Staying In and Social Distancing With Kids: Helpful Reads

As this coronavirus situation has developed, I’ve had a lot of questions: Would we go to the playground? Would we get together with friends? The articles listed at the end of this post, shared on Moms on the Hill (MOTH) and in neighborhood Facebook groups, helped me figure out answers. My family is practicing strict social distancing.

This is, of course, not easy with a 3-year-old! Yesterday, instead of going to Maury playground (our favorite), we went to nearby Kingman Field, a big grassy area with no playground equipment that is used for soccer and lacrosse. It was challenging because my kid is really social and wanted to run over to the other kids there instead of playing ball with just me. When we got home, I ordered him a new bike and scooter so we can have fun things to do outdoors that don’t involve approaching others. Meanwhile, I hear there were hundreds of people over at Lincoln Park conducting business as usual.

I want to urge you all to stay in and keep your distance. It could make a big difference. Yesterday, Mayor Muriel Bowser announced six new positive cases in DC, bringing the total to 16 individuals. Be part of the solution and help slow it down. Here are reading materials:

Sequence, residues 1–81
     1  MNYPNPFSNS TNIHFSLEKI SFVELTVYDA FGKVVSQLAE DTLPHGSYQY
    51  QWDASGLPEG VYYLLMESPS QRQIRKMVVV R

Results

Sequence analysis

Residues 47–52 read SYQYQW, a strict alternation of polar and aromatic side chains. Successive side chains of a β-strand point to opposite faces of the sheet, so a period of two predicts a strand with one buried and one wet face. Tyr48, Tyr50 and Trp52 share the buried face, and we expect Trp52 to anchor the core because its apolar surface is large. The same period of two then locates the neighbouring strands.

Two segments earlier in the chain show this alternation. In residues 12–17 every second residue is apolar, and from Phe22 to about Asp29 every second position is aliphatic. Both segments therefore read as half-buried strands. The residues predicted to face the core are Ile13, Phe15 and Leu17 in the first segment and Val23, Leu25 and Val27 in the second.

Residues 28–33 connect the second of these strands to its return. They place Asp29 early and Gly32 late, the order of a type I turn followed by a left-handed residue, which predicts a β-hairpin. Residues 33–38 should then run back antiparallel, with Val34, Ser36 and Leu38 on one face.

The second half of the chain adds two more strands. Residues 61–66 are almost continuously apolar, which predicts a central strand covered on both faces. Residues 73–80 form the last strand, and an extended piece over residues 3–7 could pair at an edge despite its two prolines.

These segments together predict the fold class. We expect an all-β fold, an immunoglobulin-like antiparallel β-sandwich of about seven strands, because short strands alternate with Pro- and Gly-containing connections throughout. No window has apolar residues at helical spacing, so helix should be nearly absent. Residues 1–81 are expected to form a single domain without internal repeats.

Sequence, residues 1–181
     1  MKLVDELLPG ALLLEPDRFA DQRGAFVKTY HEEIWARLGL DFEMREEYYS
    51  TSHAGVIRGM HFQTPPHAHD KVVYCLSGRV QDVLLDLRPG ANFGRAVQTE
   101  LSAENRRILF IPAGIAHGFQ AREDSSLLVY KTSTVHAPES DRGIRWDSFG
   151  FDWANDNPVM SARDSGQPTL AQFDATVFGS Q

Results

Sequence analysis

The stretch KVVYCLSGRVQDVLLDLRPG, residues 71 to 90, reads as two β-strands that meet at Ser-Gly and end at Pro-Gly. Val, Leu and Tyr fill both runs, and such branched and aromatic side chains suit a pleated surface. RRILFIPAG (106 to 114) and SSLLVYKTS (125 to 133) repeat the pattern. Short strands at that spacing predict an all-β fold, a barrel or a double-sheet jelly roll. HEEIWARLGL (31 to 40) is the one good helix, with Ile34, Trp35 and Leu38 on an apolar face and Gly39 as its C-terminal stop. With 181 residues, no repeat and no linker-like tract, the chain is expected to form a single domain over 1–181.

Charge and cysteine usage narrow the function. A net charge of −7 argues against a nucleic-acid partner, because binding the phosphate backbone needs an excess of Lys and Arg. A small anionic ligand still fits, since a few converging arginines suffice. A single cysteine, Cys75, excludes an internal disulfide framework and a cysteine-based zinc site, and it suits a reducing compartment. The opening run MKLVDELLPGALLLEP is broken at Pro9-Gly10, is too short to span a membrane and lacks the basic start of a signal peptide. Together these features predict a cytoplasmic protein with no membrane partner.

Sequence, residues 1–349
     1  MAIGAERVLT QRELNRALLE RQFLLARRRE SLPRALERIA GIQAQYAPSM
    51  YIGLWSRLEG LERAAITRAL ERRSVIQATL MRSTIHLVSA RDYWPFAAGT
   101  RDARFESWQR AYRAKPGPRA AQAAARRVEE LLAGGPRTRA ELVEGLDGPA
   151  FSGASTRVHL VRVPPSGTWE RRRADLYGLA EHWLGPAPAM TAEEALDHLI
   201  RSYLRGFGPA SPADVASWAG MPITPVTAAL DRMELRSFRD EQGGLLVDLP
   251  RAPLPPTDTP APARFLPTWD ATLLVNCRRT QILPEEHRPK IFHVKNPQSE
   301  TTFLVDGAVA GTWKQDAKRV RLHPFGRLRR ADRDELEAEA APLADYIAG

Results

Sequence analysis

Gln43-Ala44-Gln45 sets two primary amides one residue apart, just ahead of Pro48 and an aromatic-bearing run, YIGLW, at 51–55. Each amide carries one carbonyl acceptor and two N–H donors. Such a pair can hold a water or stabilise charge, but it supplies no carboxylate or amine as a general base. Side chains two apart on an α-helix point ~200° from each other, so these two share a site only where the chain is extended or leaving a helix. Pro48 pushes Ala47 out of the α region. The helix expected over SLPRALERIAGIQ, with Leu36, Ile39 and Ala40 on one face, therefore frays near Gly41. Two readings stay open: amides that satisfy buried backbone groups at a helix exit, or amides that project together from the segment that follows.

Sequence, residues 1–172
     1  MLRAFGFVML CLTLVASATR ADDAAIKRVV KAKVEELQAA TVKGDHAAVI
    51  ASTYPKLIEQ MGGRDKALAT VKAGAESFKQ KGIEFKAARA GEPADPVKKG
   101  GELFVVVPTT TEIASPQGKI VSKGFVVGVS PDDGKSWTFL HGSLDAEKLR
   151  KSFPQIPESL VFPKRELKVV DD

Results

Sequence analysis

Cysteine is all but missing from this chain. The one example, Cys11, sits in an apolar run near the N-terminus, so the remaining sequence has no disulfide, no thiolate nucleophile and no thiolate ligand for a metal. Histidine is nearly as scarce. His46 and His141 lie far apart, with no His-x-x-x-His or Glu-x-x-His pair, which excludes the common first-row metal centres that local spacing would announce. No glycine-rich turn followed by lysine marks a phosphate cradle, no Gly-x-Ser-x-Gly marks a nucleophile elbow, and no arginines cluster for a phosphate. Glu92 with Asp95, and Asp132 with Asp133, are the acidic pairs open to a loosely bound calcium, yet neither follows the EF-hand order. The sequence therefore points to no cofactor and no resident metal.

Social Distancing: This is Not a Snow Day (Medium)

I know there is some confusion about what to do next in the midst of this unprecedented time of a pandemic, school closures, and widespread social disruption. As a primary care physician and public health leader, I have been asked by a lot of people for my opinion, and I will provide it below based on the best information available to me today. These are my personal views, and my take on the necessary steps ahead. Read.

Parenting During Coronavirus: What to Know about Play Dates, Education and More (The Washington Post)

If you’re feeling a little overwhelmed and struggling to keep up with the ever-growing list of cancellations, closures and other news surrounding the novel coronavirus, we feel you. Read.

Why Outbreaks Like Coronavirus Spread Exponentially, and How to “Flatten the Curve” (The Washington Post)

After the first case of covid-19, the disease caused by the new strain of coronavirus, was announced in the United States, reports of further infections trickled in slowly. Two months later, that trickle has turned into a steady current. Read.

Talking to Kids About the Coronavirus (Child Mind Institute)

News of the coronavirus COVID-19 is everywhere, from the front page of all the papers to the playground at school. Many parents are wondering how to bring up the epidemic in a way that will be reassuring and not make kids more worried than they already may be. Here is some advice from the experts at the Child Mind Institute. Read.

More neighborhood news on kids and coronavirus:

Find out about kids’ activities first. Follow Capitol Hill Kid: Facebook | Twitter

Leave a Reply